Ultra-High Resolution Photon-Counting Detector CT Reconstruction using Spectral Prior Image Constrained Compressed-Sensing (UHR-SPICCS)

Published on Mar 1, 2018
· DOI :10.1117/12.2294628
Kishore Rajendran11
Estimated H-index: 11
(Mayo Clinic),
Shengzhen Tao13
Estimated H-index: 13
(Mayo Clinic)
+ 2 AuthorsCynthia H. McCollough76
Estimated H-index: 76
(Mayo Clinic)
Sources
Abstract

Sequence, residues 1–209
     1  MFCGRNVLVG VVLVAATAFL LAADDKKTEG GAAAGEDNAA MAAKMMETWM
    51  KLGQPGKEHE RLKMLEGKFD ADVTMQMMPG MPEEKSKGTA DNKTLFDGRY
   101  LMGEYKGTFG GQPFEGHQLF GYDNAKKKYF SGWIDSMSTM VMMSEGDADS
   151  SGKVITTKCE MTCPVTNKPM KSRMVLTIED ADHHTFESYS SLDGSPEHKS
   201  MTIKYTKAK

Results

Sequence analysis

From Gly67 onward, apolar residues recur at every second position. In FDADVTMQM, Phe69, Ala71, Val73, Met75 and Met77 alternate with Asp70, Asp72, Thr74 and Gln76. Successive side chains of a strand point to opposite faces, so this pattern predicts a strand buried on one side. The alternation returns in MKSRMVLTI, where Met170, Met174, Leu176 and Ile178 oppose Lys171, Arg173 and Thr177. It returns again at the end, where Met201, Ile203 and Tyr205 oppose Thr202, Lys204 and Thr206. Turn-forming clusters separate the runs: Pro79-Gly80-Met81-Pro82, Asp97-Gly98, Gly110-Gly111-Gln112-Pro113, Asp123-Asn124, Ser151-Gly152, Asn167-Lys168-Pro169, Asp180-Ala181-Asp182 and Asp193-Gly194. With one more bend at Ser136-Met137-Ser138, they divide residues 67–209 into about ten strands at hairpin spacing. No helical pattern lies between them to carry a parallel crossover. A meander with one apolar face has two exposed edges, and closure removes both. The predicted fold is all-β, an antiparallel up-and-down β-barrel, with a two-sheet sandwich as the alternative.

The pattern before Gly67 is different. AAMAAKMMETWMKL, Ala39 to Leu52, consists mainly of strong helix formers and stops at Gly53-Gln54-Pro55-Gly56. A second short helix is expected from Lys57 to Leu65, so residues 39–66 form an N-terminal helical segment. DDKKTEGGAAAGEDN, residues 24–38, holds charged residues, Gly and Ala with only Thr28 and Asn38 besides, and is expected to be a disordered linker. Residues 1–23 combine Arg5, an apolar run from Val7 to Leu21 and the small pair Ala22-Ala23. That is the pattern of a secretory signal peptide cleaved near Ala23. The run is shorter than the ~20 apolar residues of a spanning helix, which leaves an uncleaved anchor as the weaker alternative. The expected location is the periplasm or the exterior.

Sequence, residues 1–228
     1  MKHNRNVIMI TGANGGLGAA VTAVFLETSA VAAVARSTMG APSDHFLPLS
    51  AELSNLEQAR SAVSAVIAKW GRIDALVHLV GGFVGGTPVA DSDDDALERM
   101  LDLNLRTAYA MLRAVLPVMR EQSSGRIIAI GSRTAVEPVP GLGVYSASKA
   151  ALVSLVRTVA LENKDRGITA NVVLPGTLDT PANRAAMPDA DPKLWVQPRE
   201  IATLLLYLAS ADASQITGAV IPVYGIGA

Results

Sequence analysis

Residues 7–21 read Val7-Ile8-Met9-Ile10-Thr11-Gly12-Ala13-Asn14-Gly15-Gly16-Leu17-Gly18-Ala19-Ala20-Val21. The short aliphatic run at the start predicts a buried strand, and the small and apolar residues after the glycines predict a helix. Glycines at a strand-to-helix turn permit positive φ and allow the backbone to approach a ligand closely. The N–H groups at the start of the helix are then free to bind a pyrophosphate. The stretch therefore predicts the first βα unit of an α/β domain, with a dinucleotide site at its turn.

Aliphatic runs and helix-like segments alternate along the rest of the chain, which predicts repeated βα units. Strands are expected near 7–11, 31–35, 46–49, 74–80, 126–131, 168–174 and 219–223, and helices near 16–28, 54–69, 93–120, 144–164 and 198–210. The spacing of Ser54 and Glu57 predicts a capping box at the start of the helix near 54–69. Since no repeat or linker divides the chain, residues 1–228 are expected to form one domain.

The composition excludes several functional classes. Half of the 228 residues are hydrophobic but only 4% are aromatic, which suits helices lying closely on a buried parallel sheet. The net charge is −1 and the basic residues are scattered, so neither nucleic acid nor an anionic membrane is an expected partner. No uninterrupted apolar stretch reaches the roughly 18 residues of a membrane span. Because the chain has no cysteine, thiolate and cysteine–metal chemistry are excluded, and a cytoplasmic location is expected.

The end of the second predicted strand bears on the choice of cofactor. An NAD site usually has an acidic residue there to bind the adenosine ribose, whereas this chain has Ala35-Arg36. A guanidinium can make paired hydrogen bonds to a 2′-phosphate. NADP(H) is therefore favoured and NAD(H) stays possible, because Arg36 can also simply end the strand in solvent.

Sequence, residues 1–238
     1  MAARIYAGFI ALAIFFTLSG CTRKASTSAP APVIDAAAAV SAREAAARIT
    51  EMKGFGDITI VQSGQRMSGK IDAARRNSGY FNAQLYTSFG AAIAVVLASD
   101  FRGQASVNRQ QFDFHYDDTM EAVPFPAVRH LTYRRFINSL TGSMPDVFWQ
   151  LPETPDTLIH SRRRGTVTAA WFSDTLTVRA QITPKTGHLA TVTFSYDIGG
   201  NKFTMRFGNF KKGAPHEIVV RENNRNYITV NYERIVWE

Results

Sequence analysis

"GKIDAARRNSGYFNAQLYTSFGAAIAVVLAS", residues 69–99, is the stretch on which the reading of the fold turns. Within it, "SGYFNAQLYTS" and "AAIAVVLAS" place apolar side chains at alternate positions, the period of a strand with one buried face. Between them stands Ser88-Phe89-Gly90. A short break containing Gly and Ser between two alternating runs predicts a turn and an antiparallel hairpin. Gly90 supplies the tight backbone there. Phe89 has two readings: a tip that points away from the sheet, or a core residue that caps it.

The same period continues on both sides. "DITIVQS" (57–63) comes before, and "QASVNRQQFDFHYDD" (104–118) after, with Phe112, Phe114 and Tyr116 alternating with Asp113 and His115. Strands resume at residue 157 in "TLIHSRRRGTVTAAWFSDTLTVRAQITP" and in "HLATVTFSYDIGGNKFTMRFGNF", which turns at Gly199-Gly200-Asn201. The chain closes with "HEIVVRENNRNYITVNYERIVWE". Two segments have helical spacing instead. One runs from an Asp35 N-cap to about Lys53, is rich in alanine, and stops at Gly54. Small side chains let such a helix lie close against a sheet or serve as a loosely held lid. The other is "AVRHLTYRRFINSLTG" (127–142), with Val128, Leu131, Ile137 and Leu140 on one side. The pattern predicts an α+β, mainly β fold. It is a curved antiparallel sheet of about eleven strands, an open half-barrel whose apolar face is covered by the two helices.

Photon-counting detector based CT (PCD-CT) enables dose efficient high resolution imaging, in addition to providing multi-energy information. This allows better delineation of anatomical structures crucial for several clinical applications ranging from temporal bone imaging to pulmonary nodule visualization. Due to the smaller detector pixel sizes required for high resolution imaging, the PCD-CT images suffer from higher noise levels. The image quality is further degraded in narrow energy bins as a consequence of low photon counts. This limits the potential benefits that high-resolution PCD-CT could offer. Conventional reconstruction techniques such as the filtered back projection (FBP) have poor performance when reconstructing noisy CT projection data. To enable low noise multi-energy reconstructions, we employed a spectral prior image constrained compressed sensing (SPICCS) framework that exploits the spatio-spectral redundancy in the multi-energy acquisitions. We demonstrated noise reduction in narrow energy bins without losing energy-specific attenuation information and spatial resolution. We scanned an anthropomorphic head phantom, and a euthanized pig using our whole-body prototype PCD-CT system in the ultra-high resolution mode at 120 kV . Image reconstructions were performed using SPICCS and compared with conventional FBP. Noise reduction of 18 to 46p was noticed in narrow energy bins corresponding to 25 − 65 keV and 65 − 120 keV , while the mean CT number was preserved. Spatial resolution measurement showed similar modulation transfer function (MTF) values between FBP and SPICCS, demonstrating preservation of spatial resolution.
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